According to The Washington Post‘s Ezra Klein, President Obama’s $3.8 trillion budget is designed to force Republicans to pass new tax hikes once “political anger” about this year’s $85 billion sequester spending cuts kick in.

Don’t hold your breath waiting for that to happen.

A much more likely scenario is a replay of this winter’s fiscal cliff end game where a firm make-or-break deadline, the expiring Bush tax hikes, forced a deal between the two parties. At the time, people wondered how K Street managed to get more than $76 billion in special-interest tax credits for the likes of General Electric, Hollywood and Captain Morgan inserted into such fast-moving, must-pass legislation. Thanks to The Washington Examiner‘s Tim Carney we quickly learned the answer to that question: Senate Finance Committee Chairman Max Baucus.

Carney reported:

Here’s what happened: In late July, Finance Chairman Max Baucus announced the committee would soon convene to craft a bill extending many expiring tax credits. This attracted lobbyists like a raw steak attracts wolves. … The Family and Business Tax Cut Certainty Act of 2012, which passed through the Senate Finance Committee in August, was copied and pasted into the fiscal cliff legislation, yielding a victory for biotech companies, wind-turbine-makers, biodiesel producers, film studios — and their lobbyists. So, if you’re wondering how algae subsidies became part of a must-pass package to avert the dreaded fiscal cliff, credit the Biotechnology Industry Organization’s lobbying last summer.

Fast forward to this Monday when The Washington Post‘s Lori Montgomery reported:

Last month, Sen. Max Baucus summoned members of the Senate Finance Committee to a closed-door meeting to discuss the first full-scale rewrite of the 5,600-page U.S. tax code in more than 25 years. … They found a detailed schedule of 10 more meetings, where committee staff members will present option papers for achieving such popular goals as simpler filing rules.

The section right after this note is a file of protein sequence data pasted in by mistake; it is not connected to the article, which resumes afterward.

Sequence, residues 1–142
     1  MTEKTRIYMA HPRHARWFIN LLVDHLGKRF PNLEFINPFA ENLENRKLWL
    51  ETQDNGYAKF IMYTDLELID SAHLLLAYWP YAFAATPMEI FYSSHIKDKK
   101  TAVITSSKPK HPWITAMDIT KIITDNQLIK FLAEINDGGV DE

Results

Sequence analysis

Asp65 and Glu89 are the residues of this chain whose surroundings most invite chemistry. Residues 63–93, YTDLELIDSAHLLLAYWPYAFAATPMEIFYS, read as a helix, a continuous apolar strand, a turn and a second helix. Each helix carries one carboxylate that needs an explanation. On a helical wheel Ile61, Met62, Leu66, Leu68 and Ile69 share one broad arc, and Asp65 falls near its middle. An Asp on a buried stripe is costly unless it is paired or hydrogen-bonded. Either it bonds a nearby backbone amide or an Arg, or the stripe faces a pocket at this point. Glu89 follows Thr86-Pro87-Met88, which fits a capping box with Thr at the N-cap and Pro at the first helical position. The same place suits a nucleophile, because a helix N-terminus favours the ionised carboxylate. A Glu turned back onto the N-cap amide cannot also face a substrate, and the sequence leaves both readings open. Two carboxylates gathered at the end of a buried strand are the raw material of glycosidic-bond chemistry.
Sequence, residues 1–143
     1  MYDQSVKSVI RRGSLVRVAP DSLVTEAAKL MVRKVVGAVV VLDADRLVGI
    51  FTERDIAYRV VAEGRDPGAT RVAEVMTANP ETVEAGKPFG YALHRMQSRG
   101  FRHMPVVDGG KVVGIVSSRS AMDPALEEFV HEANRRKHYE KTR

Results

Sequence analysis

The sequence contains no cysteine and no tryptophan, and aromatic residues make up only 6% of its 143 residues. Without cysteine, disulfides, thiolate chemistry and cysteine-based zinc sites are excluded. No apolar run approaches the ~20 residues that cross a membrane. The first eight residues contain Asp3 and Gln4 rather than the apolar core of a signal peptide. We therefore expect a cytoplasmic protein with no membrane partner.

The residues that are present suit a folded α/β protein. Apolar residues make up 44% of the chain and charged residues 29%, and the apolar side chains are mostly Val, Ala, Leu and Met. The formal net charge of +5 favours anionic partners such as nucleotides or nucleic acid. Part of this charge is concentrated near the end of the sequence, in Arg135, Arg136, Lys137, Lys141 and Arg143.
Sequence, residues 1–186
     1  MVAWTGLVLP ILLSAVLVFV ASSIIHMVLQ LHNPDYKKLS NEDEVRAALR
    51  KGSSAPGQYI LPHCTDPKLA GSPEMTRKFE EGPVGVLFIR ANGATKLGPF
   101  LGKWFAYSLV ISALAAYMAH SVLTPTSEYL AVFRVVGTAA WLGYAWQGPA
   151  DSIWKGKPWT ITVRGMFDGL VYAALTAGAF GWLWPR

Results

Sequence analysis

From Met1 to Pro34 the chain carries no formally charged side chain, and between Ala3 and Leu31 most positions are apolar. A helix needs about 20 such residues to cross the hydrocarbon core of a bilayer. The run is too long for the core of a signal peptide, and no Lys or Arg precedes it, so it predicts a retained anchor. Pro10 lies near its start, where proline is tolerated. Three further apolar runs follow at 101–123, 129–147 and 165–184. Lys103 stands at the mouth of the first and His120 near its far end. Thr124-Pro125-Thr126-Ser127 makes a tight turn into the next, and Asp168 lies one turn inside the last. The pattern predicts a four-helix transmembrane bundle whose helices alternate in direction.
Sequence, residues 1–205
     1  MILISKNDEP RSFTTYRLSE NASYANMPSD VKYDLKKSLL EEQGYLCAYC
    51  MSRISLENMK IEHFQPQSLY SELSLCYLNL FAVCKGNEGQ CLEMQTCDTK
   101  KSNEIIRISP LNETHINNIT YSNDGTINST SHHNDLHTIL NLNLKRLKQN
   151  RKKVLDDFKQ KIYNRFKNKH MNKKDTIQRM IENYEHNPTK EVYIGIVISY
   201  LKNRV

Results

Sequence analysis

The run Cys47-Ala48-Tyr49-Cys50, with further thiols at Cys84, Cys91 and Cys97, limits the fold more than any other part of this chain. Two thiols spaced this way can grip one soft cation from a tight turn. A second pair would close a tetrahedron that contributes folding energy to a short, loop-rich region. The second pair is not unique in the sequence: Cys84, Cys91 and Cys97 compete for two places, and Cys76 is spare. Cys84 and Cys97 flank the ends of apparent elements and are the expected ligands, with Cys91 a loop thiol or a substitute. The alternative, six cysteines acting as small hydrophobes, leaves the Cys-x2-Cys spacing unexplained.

And they found Baucus in emphatic agreement with Sen. Orrin G. Hatch (Utah), the ranking Republican on the panel, according to notes taken by a Democratic aide in attendance, that the committee should aim to produce a tax-reform plan by August, when Congress will once again need a face-saving deal to justify raising the legal limit on the $16.8 trillion in federal debt.

Republicans can easily survive the almost comically small sequester cuts that are slowly being phased in now. But there is no way they could survive the immediate and far-reaching 40 percent spending cuts that would occur if the debt limit is not raised.

House Republican leaders currently have no plan on how to get insurgents like Reps. Tim Huelskamp, R-Kan., and Justin Amash, R-Mich., to vote for raising that borrowing limit. This empowers Baucus and Obama who can deliver the Democratic votes House Republicans will need to make up for the Huelskamp and Amash defections.

If Obama does win another round of tax hikes, those hikes will almost certainly look exactly like whatever Baucus’s committee produces this summer, and they will occur thanks to Huelskamp and Amash.